So the Burnetts are still in Gibraltar. We are irritable. We have cabin fever. It has been raining here almost every day. And we are learning that just because we are out of the Med, we are not out of Europe, yet. And Europe is weird. We miss home. Even if “home” elected Trump, disappointing us and almost every American intellectual who used to believe in America. Apparently, the apocalypse is coming. Which is why we are a bit smug to be citizens of the world, living on a boat, living “off the grid.” Ha! Not really.
We haven’t been this cold in over a year. I mean, it is in the fifties (Fahrenheit), people! And it is wet. Mel can visualize all of her friends in Minnesota shedding a tear for her. Sure they are. As they put on their winter coats. And scrape the windows of their cars. The tear is frozen to their faces.
Oh jealous Midwesterners, do not envy us! We lately have had to forage for everything that we used to just go to Target and pick up. Mel and Greg got into an audible fight, in fact, transiting Commonwealth Park, a classic English garden crammed with Birds of Paradise, water features, and gazebos, organized in orderly British fashion. (I’m sure observers thought, “Ugh! Disruptive Americans!” Let’s just say that the Brits are delighted they aren’t the most shameful people in the world anymore.) Mel was disgruntled because she was unable to find a decent upholstery store that would allow her to replace the front cockpit cushion that went overboard in Sardinia, and Greg was disgruntled because Ullman had promised our new trampoline to us by November 24, and the “ship by” date ended up to be December 2, thanks to the incompetence of an Ullman employee named Winston Wiggins. No, seriously. That’s his name.
This argument transpired on the way to find a notary public. We have some transactions to notarize. When one finally has no income for a year, one makes transactions. And so we experienced yet another culture shock, which when you experience as much culture shock as we have, should be renamed, “Culture UGH.” You see, in America, when you have something notarized, it takes 10 minutes and costs you 10 bucks. Here in Gibraltar, it’s a different story. Apparently, notary publics have to go to law school and then take an additional two years of training in order to recognize proper documents reflecting civil and international law. It is a respectable legal subspecialty. They even assess mental capacity of the clients! The Archbishop of Canterbury himself approves their position as notary public, signing a vellum document proudly displayed in the office. (Mel had to suppress: “Doesn’t that violate separation of church and state?”) Also, when your documents are notarized, you get a special binding with ribbon, a gold seal, and a 60-90 Pound bill. Thirty minutes later. Thank you for educating us on the system, notary public Christopher James Keightly-Pugh. No, seriously. That’s his name.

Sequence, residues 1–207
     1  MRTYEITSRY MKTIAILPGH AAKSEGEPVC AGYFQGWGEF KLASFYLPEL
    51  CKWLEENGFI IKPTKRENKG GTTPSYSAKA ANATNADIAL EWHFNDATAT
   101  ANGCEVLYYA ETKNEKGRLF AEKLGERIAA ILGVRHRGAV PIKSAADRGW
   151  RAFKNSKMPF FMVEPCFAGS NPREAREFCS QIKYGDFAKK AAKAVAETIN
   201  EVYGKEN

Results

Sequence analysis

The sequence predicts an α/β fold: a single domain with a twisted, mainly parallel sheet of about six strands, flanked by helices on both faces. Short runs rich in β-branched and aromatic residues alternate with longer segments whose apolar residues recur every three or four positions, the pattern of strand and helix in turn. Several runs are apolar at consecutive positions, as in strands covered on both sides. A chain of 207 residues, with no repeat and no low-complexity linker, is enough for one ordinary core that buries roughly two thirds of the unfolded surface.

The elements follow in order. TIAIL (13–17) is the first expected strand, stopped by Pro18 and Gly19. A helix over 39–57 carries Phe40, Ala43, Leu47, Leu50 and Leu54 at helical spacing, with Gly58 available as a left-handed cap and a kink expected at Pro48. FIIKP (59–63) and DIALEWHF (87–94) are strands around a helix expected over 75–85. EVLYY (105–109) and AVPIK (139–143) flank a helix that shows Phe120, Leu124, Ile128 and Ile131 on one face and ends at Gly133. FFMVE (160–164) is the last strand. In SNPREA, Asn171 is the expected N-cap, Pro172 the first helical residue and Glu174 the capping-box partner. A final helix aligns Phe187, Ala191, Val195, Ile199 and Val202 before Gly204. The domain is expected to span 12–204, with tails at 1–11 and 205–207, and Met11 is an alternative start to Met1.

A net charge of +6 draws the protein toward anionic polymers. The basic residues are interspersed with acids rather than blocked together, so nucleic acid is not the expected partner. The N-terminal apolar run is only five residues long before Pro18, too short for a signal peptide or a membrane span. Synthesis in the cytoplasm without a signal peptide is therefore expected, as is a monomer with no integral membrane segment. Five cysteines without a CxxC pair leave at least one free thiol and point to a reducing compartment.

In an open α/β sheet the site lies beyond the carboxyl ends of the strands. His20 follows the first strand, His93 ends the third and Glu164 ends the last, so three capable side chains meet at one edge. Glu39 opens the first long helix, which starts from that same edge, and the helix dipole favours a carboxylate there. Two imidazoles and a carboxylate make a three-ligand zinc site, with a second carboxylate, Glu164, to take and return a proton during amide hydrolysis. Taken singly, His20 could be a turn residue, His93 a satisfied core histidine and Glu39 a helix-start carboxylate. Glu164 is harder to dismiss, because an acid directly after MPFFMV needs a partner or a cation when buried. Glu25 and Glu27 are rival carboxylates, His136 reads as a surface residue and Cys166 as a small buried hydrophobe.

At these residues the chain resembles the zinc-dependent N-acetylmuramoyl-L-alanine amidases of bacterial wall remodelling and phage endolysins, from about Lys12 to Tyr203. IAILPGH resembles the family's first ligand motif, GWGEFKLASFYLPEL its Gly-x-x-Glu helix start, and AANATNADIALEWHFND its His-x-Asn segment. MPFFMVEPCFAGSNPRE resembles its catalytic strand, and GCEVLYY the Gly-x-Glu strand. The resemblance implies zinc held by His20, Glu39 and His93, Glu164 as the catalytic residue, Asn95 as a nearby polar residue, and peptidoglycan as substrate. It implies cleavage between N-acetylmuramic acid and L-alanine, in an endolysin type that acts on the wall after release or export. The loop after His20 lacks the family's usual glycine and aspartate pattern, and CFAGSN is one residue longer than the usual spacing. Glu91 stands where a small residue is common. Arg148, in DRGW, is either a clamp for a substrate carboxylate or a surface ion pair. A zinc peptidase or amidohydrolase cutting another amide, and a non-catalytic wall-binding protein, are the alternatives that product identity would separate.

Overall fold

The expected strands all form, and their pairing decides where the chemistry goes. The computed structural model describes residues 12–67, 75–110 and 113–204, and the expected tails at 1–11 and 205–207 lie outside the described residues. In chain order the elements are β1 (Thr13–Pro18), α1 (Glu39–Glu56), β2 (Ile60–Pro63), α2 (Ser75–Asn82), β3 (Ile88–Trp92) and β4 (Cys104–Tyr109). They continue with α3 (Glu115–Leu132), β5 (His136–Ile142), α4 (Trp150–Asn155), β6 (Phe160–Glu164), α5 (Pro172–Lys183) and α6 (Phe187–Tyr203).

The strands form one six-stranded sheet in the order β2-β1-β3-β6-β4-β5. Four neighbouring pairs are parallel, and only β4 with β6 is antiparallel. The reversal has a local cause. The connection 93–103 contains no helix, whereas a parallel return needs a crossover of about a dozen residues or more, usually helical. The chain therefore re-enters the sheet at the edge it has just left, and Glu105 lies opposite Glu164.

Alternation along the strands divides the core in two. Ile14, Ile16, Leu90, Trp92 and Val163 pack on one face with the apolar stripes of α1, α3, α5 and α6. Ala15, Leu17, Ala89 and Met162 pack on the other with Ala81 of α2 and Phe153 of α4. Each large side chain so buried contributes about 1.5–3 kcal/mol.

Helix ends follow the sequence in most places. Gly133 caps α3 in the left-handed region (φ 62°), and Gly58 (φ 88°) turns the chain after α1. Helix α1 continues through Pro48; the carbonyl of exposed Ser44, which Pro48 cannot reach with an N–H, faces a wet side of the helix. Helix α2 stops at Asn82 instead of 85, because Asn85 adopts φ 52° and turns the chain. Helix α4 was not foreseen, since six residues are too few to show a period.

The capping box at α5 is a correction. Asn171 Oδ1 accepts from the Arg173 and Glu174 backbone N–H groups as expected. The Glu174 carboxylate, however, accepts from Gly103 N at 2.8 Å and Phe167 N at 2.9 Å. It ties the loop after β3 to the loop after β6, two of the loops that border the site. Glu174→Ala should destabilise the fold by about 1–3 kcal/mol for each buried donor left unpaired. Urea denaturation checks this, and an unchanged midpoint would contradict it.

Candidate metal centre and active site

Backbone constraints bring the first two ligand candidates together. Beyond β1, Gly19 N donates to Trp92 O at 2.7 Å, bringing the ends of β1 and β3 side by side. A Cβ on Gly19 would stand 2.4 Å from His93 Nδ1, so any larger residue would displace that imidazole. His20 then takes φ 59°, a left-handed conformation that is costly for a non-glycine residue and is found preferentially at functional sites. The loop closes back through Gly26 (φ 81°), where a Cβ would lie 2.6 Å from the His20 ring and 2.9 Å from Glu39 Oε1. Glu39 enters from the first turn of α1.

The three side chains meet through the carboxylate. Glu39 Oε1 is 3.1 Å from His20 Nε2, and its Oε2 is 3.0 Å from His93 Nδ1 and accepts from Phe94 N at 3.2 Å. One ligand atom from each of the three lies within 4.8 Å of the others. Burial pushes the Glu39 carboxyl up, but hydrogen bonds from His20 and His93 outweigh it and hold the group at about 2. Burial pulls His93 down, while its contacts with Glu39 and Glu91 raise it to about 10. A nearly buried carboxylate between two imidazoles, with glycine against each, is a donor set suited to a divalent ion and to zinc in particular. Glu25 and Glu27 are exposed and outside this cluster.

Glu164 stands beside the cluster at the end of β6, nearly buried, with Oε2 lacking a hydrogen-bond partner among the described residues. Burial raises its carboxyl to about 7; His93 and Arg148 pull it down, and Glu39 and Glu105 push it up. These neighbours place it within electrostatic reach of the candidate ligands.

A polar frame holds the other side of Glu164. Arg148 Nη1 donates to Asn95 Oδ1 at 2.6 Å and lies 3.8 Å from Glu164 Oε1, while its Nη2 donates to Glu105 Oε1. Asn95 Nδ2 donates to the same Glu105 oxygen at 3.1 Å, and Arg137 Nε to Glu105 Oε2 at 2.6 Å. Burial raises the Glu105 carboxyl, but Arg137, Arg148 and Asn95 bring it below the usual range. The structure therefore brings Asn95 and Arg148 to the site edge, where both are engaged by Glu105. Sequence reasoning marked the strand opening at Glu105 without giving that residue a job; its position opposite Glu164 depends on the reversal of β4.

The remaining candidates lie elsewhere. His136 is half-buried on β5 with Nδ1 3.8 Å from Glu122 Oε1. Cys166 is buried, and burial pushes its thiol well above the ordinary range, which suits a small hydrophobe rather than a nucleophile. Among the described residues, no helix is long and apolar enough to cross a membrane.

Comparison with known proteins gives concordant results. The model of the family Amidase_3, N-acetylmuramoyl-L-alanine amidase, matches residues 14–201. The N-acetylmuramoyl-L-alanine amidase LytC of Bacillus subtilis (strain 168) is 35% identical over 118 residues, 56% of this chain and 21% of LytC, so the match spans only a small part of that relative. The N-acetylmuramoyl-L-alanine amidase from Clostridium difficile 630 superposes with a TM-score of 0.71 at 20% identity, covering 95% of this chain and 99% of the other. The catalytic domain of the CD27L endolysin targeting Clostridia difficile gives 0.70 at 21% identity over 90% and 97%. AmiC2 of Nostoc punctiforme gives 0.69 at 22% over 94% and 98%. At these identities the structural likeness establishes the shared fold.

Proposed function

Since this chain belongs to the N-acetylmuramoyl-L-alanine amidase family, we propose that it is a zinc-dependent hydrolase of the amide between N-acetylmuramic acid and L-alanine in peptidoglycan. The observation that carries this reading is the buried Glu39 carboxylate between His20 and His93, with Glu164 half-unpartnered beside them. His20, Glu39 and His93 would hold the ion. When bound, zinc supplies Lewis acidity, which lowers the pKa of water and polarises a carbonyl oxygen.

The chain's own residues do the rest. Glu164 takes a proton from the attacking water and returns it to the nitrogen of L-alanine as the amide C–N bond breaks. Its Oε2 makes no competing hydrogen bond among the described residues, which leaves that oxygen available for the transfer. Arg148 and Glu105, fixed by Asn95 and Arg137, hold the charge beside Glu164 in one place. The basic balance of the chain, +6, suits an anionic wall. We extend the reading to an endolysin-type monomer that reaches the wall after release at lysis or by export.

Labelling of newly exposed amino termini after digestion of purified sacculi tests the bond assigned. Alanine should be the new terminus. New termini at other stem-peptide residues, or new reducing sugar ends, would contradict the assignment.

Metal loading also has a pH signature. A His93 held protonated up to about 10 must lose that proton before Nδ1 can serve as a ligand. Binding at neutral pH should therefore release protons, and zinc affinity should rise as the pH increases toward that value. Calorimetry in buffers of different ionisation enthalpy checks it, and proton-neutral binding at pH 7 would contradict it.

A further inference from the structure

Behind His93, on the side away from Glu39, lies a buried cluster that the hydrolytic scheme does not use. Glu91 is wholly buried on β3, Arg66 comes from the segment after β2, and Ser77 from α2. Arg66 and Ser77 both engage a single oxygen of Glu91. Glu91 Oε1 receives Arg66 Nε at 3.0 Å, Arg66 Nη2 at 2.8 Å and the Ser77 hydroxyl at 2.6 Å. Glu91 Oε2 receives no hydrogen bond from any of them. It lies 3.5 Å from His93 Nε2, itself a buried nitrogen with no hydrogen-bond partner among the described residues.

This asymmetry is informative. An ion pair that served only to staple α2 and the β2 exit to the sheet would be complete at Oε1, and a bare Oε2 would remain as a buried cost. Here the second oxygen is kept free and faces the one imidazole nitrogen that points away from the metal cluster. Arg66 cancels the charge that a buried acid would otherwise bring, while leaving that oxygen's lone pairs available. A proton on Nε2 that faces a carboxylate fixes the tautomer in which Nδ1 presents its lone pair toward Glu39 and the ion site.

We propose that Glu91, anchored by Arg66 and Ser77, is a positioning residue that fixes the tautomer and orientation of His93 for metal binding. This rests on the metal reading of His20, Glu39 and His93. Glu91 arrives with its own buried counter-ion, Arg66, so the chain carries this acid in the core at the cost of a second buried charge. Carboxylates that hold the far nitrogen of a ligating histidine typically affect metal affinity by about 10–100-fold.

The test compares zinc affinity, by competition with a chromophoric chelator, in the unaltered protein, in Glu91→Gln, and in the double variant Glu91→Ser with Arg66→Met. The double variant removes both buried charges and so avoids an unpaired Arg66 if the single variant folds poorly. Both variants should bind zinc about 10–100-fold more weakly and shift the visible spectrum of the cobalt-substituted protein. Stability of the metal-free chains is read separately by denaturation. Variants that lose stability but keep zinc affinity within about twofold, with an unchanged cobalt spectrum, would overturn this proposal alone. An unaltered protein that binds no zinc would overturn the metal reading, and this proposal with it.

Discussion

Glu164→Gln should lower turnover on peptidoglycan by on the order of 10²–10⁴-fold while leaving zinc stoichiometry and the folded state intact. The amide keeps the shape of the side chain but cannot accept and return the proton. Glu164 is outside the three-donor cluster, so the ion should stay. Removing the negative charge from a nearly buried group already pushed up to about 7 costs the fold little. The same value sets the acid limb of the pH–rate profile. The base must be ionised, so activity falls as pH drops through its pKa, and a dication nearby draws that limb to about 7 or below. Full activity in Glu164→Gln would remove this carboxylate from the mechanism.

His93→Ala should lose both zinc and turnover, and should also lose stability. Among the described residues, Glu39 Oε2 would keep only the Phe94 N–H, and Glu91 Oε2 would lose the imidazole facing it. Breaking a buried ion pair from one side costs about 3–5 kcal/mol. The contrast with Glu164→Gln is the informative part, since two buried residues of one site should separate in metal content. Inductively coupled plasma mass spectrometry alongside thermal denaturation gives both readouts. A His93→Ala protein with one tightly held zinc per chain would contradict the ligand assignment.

Gibraltar is not all bad, of course. We have eaten every other night at Raj’s Curry House, indulging in spices we haven’t encountered in some time. We have had tea at the restaurants lining Queensway Quay, sucking in egg salad sandwiches and our personal teapots at 4 pm. Tommy would point out that although the Wi-Fi is terrible at the marina, we have been able to find efficient SIM cards through Gibraltar TeleCom, even though we have to renew our daily 3 Gig in person. We have also partaken of Gibraltar Crystal, skilled glassblowers that made our new scotch tumblers expertly. You heard that right. We bought GLASSWARE for OUR BOAT. We apparently didn’t learn anything after the “Shattered Champagne Glass Disaster of 2015”. Feet don’t have brains, people. But our old acrylic tumblers looked like crap, so, in reference to a famous quote by Alec Baldwin’s character on the awesome show 30 Rock…
We have been trapped here in Gibraltar awaiting package deliveries and good weather to get to Morocco. We have learned that Amazon.UK delivers to Gibraltar, but unfortunately any computer games are in “European format.” Returned, only after shed tears. We currently have a European-to-US plug adaptor strapped to the post of our saloon table so that we can use some electronics that we bought to replace our corroded US electronics. And while we were able to find a frozen-since-June, “British” turkey, Mel had to cobble together an apple pie from a bakery that didn’t understand why we would want to order a specific pie to be made. Forget them knowing anything about pumpkin pie! So although similar folks in the US are having trouble finding the spirit for this Thanksgiving, here is what the Burnetts are thankful for:
America is no longer a BRITISH COLONY.
Oh Midwesterners, celebrate this! Nothing is truer to the spirit of the original Thanksgiving!
We will be here for at least five more days. Then, Morocco. After reading this post, one could predict: that should go well.